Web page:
We'll Always Have "Midnight in Paris"

We'll Always Have "Midnight in Paris"

Warm, sentimental and funny, “Midnight In Paris” beautifully explores the clash of nostalgia and reality among fantastical encounters. Director Woody Allen takes us on an exquisite journey through time, spanning across the present, the 1890s and the 1920s — in the City of Light that reeks of wine, music, poignancy and genius, while effortlessly depicting conflicts inherent in the human nature. Only with such grace can the movie truly do Paris justice, and Allen doubtlessly did that, regardless of the extra crème layer on top.

The 100-minute fun ride opens with a heart-stopping montage of Pariscapes — cliché, yet luxuriously so. It is what a travel ad of France should look like, only far more delicate: static shots flip by like vintage slideshows, showcasing the tenderness of street corners, the Eiffel Tower, the Seine, people and, most importantly, rain. With the eyes of cinematographers Darius Khondji and Johanne Debas, we feast on dripping succulence and sensual glimmer. Nesting into Sidney Bechet’s “Si tu vois ma mère” jazz saxophone, we sway into an elegant dream that starts with Owen Wilson’s feverish rave about Paris and how romantic it would be to move there.

A contrast in tone? Maybe. A miscast? Far from it. Playing the film’s protagonist, Gil Pender, Wilson embodies the naïveté and enthusiasm of a Hollywood screenwriter who aspires to write a great novel. Enamored by the city, the fantasy-struck would-be novelist starkly differs from his spoiled Beverly Hills fiancée (Rachel McAdams), who dismisses his idealistic vision of Paris’ ambience and vainly idolizes the elitist pseudo-scholar Paul (Michael Sheen), who snottily rebuffs a Versailles guide played by First Lady of France, Carla Bruni herself.

After declining an evening dance invitation that his fiancée gladly accepts, a tipsy Gil meanders into the night, soon losing himself in myriad alleys. As the clock strikes midnight, an antique taxicab pulls up and a group of festive partygoers call him in. As he enters a bar with his company, Gil soon realizes the smoky, sophisticated bar, studded with literature and music stars like F. Scott Fitzgerald and Cole Porter, is a cultural hub of the 1920s, the era that he has been transported to. Upon hearing about Gil’s endeavors, Fitzgerald introduces him to Ernest Hemingway, who agrees to take Gil’s manuscript to Gertrude Stein (Kathy Bates) for critique. Wide-eyed, Gil rushes to fetch the manuscript, only to find the bar disappearing and himself sliding back to the present.

Over the next several nights, the midnight clock chimes and Cinderella’s pumpkin coach (or the reverse of that, really. No, she does not make a cameo appearance), brings Gil back to the golden age of Paris in his mind, the 1920s of Stein, Dalí, Picasso and Adriana (Marion Cotillard), Picasso’s lover, who appreciates Gil’s novel and to whom Gil is instantly attracted. As his novel becomes more polished, his relationship with Adriana develops and his real-life collision with his dissatisfied fiancée heightens. Gil finds his situation more complicated than ever when Adriana, now the girl of his dreams, is anxious to leave her times and is ecstatic when both of them are transported back to la belle époque, what Adriana considers the “golden age.” A sobered Gil learns that the nostalgic allure is always relative and unattainable, ironically resonating with Paul’s equation of nostalgia with denial. Facing the conundrum, Gil has to make a choice between past and present, his love and rationality.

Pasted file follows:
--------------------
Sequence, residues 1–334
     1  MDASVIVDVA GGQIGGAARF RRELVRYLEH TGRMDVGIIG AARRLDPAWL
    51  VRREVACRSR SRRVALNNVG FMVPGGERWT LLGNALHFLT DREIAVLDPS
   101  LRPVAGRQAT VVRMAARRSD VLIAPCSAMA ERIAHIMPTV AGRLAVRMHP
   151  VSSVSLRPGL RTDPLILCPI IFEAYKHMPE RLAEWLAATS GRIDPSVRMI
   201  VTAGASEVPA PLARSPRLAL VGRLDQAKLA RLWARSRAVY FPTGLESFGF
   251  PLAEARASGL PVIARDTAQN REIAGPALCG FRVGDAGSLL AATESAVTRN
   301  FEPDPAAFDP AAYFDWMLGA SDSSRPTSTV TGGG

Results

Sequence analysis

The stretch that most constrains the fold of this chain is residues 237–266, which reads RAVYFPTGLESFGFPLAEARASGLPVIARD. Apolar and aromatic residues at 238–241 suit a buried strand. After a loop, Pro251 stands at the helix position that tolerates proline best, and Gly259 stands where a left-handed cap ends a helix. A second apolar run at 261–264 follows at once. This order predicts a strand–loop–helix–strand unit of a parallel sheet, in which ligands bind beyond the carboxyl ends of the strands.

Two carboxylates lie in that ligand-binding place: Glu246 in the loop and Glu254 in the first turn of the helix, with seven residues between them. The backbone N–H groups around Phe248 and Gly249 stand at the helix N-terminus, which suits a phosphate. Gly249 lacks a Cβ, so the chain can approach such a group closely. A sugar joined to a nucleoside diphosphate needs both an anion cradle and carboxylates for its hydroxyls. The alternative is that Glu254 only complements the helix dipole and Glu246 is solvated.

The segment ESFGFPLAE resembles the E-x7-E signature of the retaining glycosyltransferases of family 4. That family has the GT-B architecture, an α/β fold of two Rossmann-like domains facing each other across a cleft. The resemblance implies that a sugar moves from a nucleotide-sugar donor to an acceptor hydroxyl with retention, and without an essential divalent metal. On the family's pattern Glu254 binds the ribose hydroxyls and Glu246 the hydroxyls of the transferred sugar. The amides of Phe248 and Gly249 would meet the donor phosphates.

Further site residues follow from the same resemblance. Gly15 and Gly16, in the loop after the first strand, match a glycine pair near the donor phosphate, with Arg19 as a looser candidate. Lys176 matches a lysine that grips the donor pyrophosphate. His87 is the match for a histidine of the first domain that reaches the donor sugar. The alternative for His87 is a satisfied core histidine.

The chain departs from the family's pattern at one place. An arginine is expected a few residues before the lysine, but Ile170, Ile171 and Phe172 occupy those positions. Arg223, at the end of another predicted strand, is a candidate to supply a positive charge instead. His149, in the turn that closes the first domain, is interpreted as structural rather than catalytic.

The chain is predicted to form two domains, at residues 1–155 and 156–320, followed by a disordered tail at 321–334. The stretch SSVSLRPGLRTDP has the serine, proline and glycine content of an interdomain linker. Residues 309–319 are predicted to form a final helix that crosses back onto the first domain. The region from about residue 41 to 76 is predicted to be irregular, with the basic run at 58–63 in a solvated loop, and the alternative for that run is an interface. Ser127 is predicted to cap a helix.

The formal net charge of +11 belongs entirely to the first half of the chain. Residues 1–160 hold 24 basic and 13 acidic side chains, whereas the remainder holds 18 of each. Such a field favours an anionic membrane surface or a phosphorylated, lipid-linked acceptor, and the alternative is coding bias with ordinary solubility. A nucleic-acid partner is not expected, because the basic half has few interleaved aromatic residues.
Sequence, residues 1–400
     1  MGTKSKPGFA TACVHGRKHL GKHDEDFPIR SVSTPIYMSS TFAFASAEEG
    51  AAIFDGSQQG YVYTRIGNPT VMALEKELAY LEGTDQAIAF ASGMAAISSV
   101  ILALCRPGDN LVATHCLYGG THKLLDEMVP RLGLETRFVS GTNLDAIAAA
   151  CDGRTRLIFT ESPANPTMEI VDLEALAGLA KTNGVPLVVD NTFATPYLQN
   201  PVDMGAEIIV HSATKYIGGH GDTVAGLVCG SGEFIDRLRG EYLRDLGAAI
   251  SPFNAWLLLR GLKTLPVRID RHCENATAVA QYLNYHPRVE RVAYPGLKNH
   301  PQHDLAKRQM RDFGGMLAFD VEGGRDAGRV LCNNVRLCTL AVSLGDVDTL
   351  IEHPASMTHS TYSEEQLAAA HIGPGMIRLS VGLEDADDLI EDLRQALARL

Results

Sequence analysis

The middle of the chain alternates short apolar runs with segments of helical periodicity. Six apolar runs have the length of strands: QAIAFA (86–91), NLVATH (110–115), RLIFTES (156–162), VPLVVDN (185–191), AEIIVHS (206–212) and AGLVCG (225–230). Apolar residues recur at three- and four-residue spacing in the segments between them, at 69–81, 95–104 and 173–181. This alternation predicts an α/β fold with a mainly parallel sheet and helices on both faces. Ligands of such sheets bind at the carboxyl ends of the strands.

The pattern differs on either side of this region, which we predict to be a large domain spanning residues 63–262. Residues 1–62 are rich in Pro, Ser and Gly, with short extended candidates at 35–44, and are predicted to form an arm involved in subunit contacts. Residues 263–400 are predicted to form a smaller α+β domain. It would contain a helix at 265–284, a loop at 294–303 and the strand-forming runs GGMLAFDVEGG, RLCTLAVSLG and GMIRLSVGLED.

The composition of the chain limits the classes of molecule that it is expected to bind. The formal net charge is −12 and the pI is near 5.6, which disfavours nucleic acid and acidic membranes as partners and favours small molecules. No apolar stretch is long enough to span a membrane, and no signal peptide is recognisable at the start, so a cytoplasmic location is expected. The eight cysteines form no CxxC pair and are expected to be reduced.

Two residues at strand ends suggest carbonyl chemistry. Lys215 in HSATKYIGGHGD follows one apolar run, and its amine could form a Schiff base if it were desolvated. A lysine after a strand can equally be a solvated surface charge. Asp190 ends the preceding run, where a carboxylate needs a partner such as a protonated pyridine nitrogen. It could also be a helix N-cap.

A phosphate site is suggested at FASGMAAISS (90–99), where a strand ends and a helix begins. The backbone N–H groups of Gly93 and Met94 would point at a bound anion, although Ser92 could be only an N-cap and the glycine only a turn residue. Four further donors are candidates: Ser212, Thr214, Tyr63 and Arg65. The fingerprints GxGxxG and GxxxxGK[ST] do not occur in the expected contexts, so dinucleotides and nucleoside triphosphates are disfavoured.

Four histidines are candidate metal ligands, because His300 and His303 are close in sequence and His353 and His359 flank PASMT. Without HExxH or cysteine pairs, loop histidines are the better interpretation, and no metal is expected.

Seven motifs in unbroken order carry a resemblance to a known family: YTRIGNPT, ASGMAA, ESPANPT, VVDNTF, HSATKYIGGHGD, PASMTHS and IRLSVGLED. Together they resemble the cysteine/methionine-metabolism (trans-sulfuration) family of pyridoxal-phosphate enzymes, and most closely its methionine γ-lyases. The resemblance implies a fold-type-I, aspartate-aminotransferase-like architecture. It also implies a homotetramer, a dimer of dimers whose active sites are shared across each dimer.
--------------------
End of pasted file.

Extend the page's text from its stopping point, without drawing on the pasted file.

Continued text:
Allen fine-tunes Wilson’s comedic prowess in Gil, who is bedazzled by dreams but grappling with the bitterness of reality. Gil is endearing, a protagonist we root for from the start. We forgive his follies, social awkwardness and occasional duplicity because of the overwhelming disregard he faces from all those around him, which is subtly yet unmistakably established by the scenes in which he is dragged away from writing by his fiancée to meet her parents, visit tourist spots with her friends and put up with constant sneering and isolation. In empathizing with Gil, we too could not help sinking into the haven he escapes to: the air of love, the fragrance of art and literature and the boisterous Bohemian laughter.

Though surely not as probing as his signature works, Allen knows better than to drench the plot in honey; for a reverie is only a reverie, but a movie embraces more than the remembrance of things past. Indeed, this film is a gentle reminder of the rest of the “dream-come-true” story. But the keyword here is “gentle”: even the confrontation scene — which takes place after Adriana helplessly drowns in the aftertaste of meeting Gauguin and Degas in the famed Maxim’s Paris restaurant — rounds up with soft edges and sentimental luster: no drama, no frustration, only the oozing melancholy choreographed with the strumming tunes of Left Bank guitar.

This is Woody Allen’s world: hopeful, imperfect and saccharine in a lovely way. Maybe the take-home message easily vanishes as soon as we step out of the cinema; maybe it is too palatable, too feel-good. But how can we complain about a gorgeous tour de force of vivid bygone past, wistful eyes and witty dialogues (Gil to T.S. Eliot: “Prufrock is my mantra!” Or on the movie his fiancée’s parents have seen: “Wonderful but forgettable. It sounds like a film I’ve seen. I probably wrote it.”)?

Yes, we get it. The present is dull. Beauty is in the eye of the beholder. Illusions are fleeting but true self remains. Hemingway thinks making love to a truly amazing woman immortalizes a man (duh). But the solace and pure joy of watching “Midnight in Paris” outweigh the discussion of existentialism, relativism or even time travel. Just cash some euros – 500 francs to buy a Matisse while it is still cheap, just in case you fall into the same ripple in time – and book your flight to Paris for spring break next year.